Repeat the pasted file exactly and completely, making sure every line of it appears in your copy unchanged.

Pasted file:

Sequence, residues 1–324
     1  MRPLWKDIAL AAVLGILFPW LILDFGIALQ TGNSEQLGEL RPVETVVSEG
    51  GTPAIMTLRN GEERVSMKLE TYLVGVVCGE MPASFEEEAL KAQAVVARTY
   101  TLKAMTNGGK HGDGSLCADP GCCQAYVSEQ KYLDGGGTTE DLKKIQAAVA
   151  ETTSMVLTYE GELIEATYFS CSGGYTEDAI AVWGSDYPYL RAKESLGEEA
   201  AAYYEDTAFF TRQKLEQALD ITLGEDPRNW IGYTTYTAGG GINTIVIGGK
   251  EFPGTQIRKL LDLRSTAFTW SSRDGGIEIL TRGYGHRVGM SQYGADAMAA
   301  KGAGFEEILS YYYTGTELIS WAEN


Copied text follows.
Sequence, residues 1–324
     1  MRPLWKDIAL AAVLGILFPW LILDFGIALQ TGNSEQLGEL RPVETVVSEG
    51  GTPAIMTLRN GEERVSMKLE TYLVGVVCGE MPASFEEEAL KAQAVVARTY
   101  TLKAMTNGGK HGDGSLCADP GCCQAYVSEQ KYLDGGGTTE DLKKIQAAVA
   151  ETTSMVLTYE GELIEATYFS CSGGYTEDAI AVWGSDYPYL RAKESLGEEA
   201  AAYYEDTAFF TRQKLEQALD ITLGEDPRNW IGYTTYTAGG GINTIVIGGK
   251  EFPGTQIRKL LDLRSTAFTW SSRDGGIEIL TRGYGHRVGM SQYGADAMAA
   301  KGAGFEEILS YYYTGTELIS WAEN